Let’s look at the timing: the Chief’s house went on the market BEFORE the results of the November 5th election were known. Why would that be if the ordinance clearly demands residency as a condition of employment? Why would this waiver be on the agenda the Monday after the Thanksgiving holiday, in the second month of a young and inexperienced Common Council?

Forget I even mentioned the last paragraph - let’s talk about the general concept of a Police Chief who lives more than half an hour away from the city he’s charged to take care of. Mayor Florshiem’s most outspoken campaign supporters (his treasurer as a specific example) made police accountability a major tenant of his campaign. Yet all of a sudden, it’s OK for the Chief to move out of town, leaving more than 120 sworn officers and staff to fend for themselves?

I’m not being harsh: the Mayor and the Common Council are not charged with doing what’s right for Chief McKenna. They were elected to do what’s right for the 45,000+ residents of Middletown. It may be that the Chief’s personal family issues require him to be a caregiver, and all of us can understand that. However, he’s not Joe average citizen, and there are serious reasons why the Police Chief needs to live in Middletown.

If the Chief’s mother is ill enough that he needs to move to take care of her, his focus will not be on managing the department. There is no personal judgement here. He has not suddenly lost his management skills, he simply has a more important issue to consider. No one faults him for this decision.

However, it raises a most critical question: is it time to retire? He’s not asking to move to a neighboring city, he’s asking to move to another world. Connecticut is a small state, but the shoreline is a whole other world different from Middletown. He would be commuting with traffic on Route 9, not against it. This is a tough reality to add to the burden of taking care of an ailing parent.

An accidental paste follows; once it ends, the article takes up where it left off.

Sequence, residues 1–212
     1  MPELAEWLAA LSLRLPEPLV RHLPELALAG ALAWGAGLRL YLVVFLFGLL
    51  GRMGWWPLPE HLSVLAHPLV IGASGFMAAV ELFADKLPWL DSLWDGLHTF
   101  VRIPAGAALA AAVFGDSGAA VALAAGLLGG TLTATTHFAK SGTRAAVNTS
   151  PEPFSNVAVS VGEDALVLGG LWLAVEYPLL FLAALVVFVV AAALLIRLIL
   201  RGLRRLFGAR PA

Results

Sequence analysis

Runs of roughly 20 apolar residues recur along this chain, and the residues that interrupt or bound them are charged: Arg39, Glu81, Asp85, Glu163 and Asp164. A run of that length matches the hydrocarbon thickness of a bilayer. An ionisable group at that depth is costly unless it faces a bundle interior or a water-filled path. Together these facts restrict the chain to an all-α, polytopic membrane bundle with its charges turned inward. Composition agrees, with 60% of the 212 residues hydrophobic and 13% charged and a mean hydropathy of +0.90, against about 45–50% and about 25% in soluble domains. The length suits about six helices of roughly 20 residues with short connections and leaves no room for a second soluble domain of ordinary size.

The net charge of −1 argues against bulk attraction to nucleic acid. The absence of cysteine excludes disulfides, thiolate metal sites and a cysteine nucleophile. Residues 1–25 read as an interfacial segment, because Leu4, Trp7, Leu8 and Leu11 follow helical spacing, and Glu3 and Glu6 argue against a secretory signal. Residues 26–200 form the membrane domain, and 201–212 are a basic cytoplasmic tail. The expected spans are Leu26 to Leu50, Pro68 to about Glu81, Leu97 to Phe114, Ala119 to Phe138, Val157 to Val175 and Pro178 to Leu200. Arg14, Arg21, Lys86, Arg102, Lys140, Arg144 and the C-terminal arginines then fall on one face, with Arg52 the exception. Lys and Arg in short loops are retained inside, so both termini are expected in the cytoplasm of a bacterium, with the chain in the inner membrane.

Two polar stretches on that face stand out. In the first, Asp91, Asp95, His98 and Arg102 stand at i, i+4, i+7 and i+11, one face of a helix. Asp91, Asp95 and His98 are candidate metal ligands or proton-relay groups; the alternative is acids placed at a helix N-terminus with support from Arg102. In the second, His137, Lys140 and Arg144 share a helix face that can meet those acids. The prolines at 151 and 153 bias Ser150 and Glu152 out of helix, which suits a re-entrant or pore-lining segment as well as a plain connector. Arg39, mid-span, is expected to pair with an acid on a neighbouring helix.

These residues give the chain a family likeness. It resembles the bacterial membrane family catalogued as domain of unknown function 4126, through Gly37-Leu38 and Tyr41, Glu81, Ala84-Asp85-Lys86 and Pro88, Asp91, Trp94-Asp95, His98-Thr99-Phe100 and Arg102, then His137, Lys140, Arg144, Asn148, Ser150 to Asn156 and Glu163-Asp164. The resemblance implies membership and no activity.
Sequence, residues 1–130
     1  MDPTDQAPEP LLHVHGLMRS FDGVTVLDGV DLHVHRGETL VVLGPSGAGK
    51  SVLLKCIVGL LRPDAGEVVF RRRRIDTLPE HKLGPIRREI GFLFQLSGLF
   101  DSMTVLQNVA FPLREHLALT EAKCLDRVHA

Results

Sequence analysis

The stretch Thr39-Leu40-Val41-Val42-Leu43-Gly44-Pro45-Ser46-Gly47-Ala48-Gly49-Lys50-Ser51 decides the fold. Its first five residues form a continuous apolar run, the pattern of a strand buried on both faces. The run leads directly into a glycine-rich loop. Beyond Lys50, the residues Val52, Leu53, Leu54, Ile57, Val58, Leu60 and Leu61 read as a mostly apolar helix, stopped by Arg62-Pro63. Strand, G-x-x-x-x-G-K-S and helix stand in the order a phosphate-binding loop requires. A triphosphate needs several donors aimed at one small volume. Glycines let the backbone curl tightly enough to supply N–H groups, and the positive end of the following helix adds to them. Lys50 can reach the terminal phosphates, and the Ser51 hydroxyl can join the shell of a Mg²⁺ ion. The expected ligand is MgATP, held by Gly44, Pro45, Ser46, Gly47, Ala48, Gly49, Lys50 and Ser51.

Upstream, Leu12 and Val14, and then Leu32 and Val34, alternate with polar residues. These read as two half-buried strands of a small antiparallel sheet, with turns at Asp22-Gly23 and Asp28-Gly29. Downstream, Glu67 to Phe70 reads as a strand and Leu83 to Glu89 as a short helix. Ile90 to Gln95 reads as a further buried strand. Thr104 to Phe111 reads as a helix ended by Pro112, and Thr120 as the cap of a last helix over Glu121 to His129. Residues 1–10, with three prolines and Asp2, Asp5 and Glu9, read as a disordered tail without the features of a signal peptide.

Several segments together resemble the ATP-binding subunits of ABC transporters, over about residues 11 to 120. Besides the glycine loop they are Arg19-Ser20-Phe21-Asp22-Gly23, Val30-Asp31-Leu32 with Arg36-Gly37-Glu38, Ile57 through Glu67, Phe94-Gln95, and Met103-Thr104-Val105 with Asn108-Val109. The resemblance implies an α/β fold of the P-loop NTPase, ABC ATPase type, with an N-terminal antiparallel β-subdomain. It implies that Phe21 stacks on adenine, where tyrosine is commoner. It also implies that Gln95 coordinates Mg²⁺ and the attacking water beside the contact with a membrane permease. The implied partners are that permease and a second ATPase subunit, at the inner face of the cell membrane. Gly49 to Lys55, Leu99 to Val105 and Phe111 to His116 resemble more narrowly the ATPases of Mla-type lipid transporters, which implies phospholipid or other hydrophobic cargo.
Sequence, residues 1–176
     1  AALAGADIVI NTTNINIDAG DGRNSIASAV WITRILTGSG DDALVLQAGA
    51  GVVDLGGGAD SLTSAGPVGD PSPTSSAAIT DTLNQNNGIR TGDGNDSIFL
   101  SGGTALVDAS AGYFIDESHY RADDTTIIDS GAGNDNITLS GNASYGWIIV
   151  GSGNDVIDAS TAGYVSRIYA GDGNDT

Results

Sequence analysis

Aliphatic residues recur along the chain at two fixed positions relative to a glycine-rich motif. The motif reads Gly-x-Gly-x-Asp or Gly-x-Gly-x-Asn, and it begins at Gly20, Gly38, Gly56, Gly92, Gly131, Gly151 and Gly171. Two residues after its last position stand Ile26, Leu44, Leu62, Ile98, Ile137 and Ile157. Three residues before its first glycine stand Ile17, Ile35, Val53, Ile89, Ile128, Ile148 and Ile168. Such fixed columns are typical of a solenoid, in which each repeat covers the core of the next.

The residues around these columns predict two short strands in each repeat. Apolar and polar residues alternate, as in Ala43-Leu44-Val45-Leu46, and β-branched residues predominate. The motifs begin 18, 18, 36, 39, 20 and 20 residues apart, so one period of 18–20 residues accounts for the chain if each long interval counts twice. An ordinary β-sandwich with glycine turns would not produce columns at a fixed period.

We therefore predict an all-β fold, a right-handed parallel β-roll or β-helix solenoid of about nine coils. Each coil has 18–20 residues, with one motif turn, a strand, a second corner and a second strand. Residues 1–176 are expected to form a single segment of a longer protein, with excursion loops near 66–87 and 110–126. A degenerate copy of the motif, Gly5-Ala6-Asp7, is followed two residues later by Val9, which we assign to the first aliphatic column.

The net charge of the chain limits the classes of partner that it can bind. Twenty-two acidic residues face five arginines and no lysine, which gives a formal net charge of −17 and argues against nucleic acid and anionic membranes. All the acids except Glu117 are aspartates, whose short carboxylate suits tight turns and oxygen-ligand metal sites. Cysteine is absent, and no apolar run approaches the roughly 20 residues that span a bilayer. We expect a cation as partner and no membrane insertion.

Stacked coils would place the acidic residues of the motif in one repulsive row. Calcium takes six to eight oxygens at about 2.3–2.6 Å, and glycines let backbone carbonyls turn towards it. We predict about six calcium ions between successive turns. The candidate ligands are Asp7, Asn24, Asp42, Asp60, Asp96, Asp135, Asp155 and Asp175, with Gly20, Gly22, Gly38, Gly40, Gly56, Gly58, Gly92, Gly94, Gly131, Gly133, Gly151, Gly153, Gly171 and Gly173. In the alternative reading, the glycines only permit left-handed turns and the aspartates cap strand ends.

From the perspective of the police department, an absent leader is not a good choice. I say this with specific personal knowledge of wearing a military uniform and being in a chain of command. What happens when a decision is made to not “bother” the Chief who lives far away and who is taking care of his sick mother? How is police accountability, transparency, and reliability enhanced by out-of-town supervision?

It’s not. This is not a good idea. The ordinance exists for a reason, and a new Mayor and new Common Council should not support this request. Middletown isn’t a sleepy bedroom community. It’s an urban center, surrounded by far-reaching rural areas, that routinely experiences significant crimes. A distracted, out-of-town Police Chief does not make these issues go away.

Let’s pause and seriously consider our options. The Common Council should delay voting on this ordinance until the general public has an opportunity to comment and to make its will known.


Steven Fajole said...

Who wrote this opinion piece? There is no byline. Your readers should know who wrote this.

Bill Flood said...

There is a byline:
By Jennifer Mahr, Chair of the Westfield Residents Association

Bill Flood said...

It also says who posted with a link to their profile at the bottom of the article.
"Posted by JAM at 5:30 AM"